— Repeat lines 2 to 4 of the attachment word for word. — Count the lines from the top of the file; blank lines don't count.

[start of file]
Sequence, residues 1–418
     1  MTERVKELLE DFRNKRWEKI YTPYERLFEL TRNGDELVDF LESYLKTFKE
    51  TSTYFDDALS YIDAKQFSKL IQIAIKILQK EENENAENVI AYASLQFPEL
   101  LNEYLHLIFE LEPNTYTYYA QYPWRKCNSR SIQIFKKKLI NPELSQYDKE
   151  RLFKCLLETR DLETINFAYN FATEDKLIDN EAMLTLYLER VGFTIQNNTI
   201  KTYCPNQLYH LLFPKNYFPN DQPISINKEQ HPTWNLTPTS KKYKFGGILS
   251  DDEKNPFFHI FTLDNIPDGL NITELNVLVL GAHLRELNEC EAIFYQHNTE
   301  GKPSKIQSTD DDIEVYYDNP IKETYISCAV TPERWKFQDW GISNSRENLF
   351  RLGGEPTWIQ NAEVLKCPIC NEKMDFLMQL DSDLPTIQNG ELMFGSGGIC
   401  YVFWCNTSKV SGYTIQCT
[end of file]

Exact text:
     1  MTERVKELLE DFRNKRWEKI YTPYERLFEL TRNGDELVDF LESYLKTFKE
    51  TSTYFDDALS YIDAKQFSKL IQIAIKILQK EENENAENVI AYASLQFPEL
   101  LNEYLHLIFE LEPNTYTYYA QYPWRKCNSR SIQIFKKKLI NPELSQYDKE